There’s growing scientific evidence that periodontitis can affect general health and consequently, periodontal treatment can help improve the health outcomes of related systemic illnesses. A systemic disease is one which affects a number of organs and tissues and sometimes even the body as a whole.
Periodontitis is a chronic infectious disease affecting the supporting tissues of the teeth. The signs of periodontitis are loose teeth as well as red and swollen gums, followed by tooth exfoliation which affects the ability to eat.
Around 10 and 15% of adults 21 to 50 years old and approximately 30% of subjects who are more than 50 years of age have severe periodontitis. They require immediate treatment which can include the surgical removal of bacterial plaque and intensive oral hygiene instructions.
More than treating periodontitis itself, you should learn about the other reasons why you should not let this dental problem continue. Here are the three beneficial effects of periodontal treatment on other illnesses.
Aspiration pneumonia happens when gastric contents are accidentally pushed into the trachea and then make their way into the lungs. As bacteria infiltrate the lung tissue, they infect the lungs and lead to pneumonia. Pace and McCullough reviewed the connection between oral microorganisms and aspiration pneumonia for the elderly. They learned that periodontitis is associated with bacteria that can cause pneumonia. Periodontal treatment can reduce the risk of developing aspiration pneumonia while oral therapy and care contribute to the treatment of respiratory illnesses too.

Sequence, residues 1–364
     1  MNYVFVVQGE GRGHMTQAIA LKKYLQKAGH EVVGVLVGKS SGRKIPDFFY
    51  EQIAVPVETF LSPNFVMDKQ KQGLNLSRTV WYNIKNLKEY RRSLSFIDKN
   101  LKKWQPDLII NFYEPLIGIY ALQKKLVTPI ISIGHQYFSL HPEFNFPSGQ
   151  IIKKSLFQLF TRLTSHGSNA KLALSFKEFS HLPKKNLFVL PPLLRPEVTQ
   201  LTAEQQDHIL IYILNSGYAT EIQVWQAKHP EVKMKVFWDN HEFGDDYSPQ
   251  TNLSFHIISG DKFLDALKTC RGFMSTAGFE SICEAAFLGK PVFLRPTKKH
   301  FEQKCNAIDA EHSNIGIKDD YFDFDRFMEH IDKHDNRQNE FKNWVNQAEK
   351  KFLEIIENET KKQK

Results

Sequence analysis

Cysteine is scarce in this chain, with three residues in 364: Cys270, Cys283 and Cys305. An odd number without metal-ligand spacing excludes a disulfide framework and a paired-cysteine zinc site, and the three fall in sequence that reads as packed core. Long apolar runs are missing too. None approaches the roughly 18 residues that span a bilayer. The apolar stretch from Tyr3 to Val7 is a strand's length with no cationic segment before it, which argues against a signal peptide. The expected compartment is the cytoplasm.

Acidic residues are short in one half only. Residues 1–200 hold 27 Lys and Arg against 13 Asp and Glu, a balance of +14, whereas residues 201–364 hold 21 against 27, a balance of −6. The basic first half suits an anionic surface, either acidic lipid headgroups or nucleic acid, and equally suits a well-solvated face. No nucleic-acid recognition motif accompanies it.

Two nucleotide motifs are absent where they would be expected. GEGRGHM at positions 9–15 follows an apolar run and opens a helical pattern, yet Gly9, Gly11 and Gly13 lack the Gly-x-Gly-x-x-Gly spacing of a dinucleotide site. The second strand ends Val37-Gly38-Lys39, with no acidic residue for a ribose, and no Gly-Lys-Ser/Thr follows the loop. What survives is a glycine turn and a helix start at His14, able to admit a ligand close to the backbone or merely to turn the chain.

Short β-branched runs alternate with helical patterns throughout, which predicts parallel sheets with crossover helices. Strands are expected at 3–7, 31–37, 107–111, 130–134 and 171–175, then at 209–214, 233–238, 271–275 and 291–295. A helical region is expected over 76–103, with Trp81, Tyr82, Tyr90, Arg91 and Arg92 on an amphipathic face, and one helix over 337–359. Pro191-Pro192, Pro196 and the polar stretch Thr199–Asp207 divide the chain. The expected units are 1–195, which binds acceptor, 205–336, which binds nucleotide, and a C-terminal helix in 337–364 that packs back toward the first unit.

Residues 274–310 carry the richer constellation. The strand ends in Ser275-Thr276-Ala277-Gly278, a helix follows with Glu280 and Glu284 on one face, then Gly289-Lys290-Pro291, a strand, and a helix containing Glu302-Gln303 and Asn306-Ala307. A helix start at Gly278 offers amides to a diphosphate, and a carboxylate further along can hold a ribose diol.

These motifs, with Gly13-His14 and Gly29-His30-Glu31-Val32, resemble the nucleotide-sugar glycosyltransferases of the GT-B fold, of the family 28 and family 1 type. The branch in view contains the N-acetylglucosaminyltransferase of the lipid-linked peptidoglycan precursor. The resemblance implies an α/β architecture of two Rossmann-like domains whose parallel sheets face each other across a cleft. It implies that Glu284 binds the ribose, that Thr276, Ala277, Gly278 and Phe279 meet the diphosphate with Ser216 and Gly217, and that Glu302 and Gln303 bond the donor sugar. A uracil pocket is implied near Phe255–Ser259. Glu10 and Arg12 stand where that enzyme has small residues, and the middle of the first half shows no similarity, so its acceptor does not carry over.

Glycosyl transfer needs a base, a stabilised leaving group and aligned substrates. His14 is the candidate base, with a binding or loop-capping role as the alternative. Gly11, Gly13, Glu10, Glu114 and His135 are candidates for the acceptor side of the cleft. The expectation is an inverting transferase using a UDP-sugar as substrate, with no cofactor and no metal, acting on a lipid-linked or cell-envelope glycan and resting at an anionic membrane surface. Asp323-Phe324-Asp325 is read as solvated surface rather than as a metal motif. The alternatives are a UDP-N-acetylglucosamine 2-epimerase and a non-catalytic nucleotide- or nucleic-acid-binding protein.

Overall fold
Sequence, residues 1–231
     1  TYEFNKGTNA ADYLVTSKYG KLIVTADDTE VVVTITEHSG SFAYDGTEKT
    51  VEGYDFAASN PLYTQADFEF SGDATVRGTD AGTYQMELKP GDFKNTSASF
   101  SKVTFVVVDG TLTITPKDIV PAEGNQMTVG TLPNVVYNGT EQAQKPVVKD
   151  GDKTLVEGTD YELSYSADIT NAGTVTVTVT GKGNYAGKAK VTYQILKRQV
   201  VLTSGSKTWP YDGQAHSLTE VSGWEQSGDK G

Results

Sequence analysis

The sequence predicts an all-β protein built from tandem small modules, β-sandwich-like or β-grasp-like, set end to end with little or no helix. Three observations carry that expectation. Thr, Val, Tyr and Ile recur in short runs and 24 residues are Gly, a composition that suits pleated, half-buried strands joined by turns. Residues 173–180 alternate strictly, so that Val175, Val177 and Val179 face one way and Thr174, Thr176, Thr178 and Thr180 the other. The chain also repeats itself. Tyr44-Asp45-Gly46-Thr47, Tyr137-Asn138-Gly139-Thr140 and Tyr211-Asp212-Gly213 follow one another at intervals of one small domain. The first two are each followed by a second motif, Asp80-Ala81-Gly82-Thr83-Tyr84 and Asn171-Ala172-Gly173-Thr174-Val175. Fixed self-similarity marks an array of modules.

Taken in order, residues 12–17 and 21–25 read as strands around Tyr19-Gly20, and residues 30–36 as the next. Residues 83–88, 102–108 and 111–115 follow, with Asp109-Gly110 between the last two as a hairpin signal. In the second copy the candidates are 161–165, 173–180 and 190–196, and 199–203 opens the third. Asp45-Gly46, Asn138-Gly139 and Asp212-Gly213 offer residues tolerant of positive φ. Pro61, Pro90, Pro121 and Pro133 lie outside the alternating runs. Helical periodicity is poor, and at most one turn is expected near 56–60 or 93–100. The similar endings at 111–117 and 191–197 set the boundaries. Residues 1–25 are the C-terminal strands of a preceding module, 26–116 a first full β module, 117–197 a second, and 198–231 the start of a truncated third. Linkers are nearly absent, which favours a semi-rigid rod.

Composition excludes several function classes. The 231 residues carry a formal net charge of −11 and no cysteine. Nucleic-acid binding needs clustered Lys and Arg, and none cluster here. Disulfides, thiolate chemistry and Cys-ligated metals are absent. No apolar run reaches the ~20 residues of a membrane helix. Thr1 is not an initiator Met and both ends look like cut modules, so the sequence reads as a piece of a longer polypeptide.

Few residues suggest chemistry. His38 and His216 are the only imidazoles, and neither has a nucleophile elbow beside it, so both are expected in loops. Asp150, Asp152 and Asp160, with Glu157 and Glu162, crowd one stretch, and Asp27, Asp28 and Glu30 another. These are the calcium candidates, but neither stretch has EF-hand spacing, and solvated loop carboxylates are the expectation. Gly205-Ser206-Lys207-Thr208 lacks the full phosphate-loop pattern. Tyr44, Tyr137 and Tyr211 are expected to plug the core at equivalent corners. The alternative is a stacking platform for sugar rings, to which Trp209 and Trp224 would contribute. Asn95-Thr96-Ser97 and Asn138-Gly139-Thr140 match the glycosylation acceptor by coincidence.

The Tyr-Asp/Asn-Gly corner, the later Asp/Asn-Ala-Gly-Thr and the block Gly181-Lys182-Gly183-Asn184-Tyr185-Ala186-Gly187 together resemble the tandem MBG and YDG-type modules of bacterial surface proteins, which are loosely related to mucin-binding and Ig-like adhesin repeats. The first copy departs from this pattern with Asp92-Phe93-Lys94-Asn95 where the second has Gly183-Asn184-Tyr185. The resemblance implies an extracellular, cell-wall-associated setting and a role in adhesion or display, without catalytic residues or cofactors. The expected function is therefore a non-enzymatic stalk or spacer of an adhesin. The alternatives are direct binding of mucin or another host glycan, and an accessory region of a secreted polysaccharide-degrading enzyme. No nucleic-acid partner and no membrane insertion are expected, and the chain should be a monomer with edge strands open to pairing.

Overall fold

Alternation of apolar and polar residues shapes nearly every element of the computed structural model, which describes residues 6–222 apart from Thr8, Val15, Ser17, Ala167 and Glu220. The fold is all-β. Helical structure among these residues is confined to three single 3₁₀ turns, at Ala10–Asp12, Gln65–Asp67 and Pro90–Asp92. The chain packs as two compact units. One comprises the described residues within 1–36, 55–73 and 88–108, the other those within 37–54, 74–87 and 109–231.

Diabetes and periodontal diseases have long been considered by medical professionals as biologically linked. Diabetes may generate or worsen periodontitis while the latter is also quite prevalent among people with diabetes. Doctor Teeuw and colleagues examined the effect of periodontal therapies on the glycemic control of patients with diabetes using a systematic review and meta-analysis of clinical studies that were published since 2009. Findings showed that periodontal treatment improved the glycemic control of type 2 diabetic patients for around three months at the minimum. Getting prompt periodontal treatment can alleviate diabetes symptoms.
Periodontal treatment may also affect cardiovascular diseases (CVDs) as patients with periodontitis have higher risk of developing CVD. D’Aiuto and other researchers studied the impact of periodontal therapy on CVDs and learned that it initiates a short-term inflammatory response that may reduce blood pressure and related heart tissue problems. Additionally, getting periodontal treatment resulted in better endothelial function which can prevent or help treat heart diseases.
If you have high risks for pneumonia, diabetes, or cardiovascular illnesses or already have any of these diseases apart from periodontitis, you should ask your dentist about getting periodontal treatment. Periodontitis is a dental illness that can worsen some systemic diseases, which means your continued good health may depend in part on getting prompt periodontal treatment.
Effect of Periodontal Treatment on Glycemic Control of Diabetic Patients, Care.DiabetesJournals.org
Evidence That Periodontal Treatment Improves Biomarkers and CVD Outcomes, OnlineLibrary.Wiley.com
The Association Between Oral Microorgansims and Aspiration Pneumonia in the Institutionalized Elderly: Review and Recommendations, RockFordHealthCouncil.org